Ka: Stories of the Mind and Gods of India

Ka: Stories of the Mind and Gods of India

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by Roberto Calasso
     
 

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"A giddy invasion of stories--brilliant, enigmatic, troubling, outrageous, erotic, beautiful." --The New York Times Book Review

"So brilliant that you can't look at it anymore--and you can't look at anything else. . . . No one will read it without reward."
--The Boston Globe

With the same narrative fecundity and imaginative sympathy he…  See more details below

Overview

"A giddy invasion of stories--brilliant, enigmatic, troubling, outrageous, erotic, beautiful." --The New York Times Book Review

"So brilliant that you can't look at it anymore--and you can't look at anything else. . . . No one will read it without reward."
--The Boston Globe

With the same narrative fecundity and imaginative sympathy he brought to his acclaimed retelling of the Greek myths, Roberto Calasso plunges Western readers into the mind of ancient India. He begins with a mystery: Why is the most important god in the Rg Veda, the oldest of India's sacred texts, known by a secret name--"Ka," or Who?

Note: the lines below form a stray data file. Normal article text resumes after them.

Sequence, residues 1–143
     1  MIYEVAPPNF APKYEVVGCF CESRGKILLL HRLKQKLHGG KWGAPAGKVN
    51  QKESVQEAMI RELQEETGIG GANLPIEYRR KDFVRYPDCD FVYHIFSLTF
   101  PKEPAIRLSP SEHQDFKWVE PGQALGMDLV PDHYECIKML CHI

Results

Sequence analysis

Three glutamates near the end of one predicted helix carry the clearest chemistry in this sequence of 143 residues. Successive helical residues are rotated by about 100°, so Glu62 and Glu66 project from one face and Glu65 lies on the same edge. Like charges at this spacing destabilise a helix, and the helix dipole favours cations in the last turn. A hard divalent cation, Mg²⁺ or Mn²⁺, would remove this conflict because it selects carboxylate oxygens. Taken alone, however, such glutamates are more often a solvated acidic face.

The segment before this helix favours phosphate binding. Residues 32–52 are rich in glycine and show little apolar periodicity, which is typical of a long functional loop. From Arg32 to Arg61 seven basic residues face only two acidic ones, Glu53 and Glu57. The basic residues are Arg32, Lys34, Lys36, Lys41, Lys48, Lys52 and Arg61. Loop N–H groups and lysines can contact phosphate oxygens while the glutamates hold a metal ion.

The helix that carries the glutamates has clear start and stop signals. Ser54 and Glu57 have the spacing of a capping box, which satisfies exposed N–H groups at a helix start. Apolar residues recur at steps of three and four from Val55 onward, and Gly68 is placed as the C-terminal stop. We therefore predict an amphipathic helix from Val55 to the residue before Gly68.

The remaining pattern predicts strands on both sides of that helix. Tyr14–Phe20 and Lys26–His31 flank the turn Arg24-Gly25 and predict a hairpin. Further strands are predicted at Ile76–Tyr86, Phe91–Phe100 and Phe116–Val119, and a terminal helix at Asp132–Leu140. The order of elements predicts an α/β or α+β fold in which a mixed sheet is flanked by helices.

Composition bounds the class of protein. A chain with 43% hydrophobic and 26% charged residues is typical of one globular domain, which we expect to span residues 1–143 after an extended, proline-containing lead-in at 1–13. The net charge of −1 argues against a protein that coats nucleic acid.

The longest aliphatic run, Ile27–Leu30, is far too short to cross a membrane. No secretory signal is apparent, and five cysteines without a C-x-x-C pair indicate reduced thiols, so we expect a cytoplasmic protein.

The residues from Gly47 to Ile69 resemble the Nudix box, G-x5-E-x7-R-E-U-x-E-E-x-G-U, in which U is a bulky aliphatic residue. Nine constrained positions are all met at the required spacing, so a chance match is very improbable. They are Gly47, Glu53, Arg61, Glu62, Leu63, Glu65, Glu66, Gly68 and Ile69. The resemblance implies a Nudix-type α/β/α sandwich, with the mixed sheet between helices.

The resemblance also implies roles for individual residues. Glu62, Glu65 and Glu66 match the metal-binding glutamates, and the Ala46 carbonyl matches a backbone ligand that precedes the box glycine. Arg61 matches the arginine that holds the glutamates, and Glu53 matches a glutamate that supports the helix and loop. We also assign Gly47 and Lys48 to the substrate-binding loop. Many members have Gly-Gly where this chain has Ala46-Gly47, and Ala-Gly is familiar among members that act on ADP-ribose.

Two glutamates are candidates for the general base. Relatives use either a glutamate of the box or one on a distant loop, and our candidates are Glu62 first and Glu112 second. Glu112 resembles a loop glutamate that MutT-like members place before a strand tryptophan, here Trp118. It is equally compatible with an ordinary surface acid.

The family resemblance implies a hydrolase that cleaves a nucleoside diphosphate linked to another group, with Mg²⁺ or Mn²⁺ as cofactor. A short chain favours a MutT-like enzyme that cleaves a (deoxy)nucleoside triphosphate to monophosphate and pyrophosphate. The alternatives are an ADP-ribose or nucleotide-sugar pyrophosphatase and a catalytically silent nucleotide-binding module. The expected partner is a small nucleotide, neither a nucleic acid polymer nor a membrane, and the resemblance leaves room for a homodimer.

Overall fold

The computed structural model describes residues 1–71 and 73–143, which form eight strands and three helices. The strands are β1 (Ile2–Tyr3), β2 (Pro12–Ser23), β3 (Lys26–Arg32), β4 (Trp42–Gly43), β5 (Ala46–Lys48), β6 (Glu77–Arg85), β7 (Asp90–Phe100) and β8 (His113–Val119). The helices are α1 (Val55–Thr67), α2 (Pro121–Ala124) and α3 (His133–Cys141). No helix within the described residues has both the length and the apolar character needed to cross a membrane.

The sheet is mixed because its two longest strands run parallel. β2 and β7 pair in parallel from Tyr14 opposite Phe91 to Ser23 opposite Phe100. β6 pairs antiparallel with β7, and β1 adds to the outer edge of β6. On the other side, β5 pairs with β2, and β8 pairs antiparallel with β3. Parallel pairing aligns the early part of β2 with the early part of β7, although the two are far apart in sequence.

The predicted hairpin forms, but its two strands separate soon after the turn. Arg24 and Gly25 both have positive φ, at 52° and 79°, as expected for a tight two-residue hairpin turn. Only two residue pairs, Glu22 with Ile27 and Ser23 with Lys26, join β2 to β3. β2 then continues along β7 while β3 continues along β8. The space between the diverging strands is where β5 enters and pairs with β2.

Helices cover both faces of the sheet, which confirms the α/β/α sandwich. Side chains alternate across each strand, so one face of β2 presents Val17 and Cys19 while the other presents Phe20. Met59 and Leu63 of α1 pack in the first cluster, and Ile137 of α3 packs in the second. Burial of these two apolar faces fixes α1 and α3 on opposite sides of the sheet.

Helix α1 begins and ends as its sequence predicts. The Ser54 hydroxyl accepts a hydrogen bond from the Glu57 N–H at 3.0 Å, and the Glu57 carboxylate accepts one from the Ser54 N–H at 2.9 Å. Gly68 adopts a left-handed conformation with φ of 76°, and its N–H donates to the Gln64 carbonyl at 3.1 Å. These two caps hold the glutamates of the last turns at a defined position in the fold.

What ensues is not an explanation, but an unveiling. Here are the stories of the creation of mind and matter; of the origin of Death, of the first sexual union and the first parricide. We learn why Siva must carry his father's skull, why snakes have forked tongues, and why, as part of a certain sacrifice, the king's wife must copulate with a dead horse. A tour de force of scholarship and seduction, Ka is irresistible.

"Passage[s] of such ecstatic insight and cross-cultural synthesis--simply, of such beauty."  --The New York Review of Books

"All is spectacle and delight, and tiny mirrors reflecting human foibles are set into the weave,turning this retelling into the stuff of literature." --The New Yorker

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Editorial Reviews

New Yorker
. . . All is spectacle and delight, and tiny mirrors reflecting human foibles are set into the weave, turning this retelling into the stuff of literature.
Sunil Khilnani
To read Ka is to experience a giddy invasion of stories — brilliant, enigmatic, troubling, outrageous, erotic, beautiful. . . .Whenever we get tird of worrying away at their meanings, we can always settle doen to listen to the stories they . . .tell.
New York Times Book Review
Publishers Weekly - Publisher's Weekly